|Image credit - Alex Brown http://www.flickr.com/photos/alexbrn/|
These elegant native wildflowers are slowly disappearing from the English countryside and although it's illegal to collect plant from the wild it is legal to collect their seed for use in propagation. If you have access to plants from cultivated stock them you can also propagate from them by division after they have finished flowering in the autumn.
The optimum period for stratification is about 4 weeks at a temperature of about 5 degrees Celsius. Any longer and the seed may revert back to dormancy.Once you have your seed, rather than use a standard seed tray try to use a deeper container, something around 4 inches deep as this will help prevent your compost mix from drying out. This is important as low moisture level can reduce primula seed viability. Take a good seed compost like John Innes seed and potting and mix in a quarter of its volume of vermiculite - although some people advocate a completely soilless seed compost for better results.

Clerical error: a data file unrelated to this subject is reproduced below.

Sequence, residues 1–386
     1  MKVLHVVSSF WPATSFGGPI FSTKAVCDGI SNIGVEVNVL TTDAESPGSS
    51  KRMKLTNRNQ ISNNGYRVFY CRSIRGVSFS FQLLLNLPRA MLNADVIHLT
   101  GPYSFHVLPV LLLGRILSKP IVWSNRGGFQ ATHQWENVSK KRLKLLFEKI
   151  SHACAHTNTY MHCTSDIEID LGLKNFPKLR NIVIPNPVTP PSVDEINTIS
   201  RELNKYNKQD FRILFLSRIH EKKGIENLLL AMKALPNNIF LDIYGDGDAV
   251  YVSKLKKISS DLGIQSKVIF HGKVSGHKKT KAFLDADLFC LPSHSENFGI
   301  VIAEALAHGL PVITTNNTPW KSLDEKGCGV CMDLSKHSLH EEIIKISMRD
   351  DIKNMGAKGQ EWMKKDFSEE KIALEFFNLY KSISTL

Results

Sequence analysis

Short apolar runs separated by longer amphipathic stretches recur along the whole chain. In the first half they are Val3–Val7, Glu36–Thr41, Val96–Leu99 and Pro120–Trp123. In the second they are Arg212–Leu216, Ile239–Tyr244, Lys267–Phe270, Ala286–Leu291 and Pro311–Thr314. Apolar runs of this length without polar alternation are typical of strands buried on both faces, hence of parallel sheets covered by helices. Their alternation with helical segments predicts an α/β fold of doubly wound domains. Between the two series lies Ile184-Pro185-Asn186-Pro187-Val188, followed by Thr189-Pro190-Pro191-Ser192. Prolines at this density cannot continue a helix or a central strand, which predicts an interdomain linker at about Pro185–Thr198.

Now place the whole container inside a clear plastic bag and secure it closed with a loose knot or plastic-covered wire. This will then make additional watering unnecessary until after the seeds have germinated. Although this may well seem to be an odd technique, this is also done to prevent the compost from drying out reducing the failure of germination.
When the first seeds begin to sprout, water again with Benlate and then apply a very thin layer of seed compost over the seeds. Replace the covering tray until the seedlings come up through the compost. Then remove the cover replacing it with either fine netting, polythene, or a glass cloche for protection.Once the first set of true leaves have developed the plants can be transplanted out into a good quality, free draining multi-purpose compost - again you may need to add vermiculite as a quarter of your mix . Keep them well-watered and in partial shade till they're ready to plant out into the garden. Keep an eye out for aphids.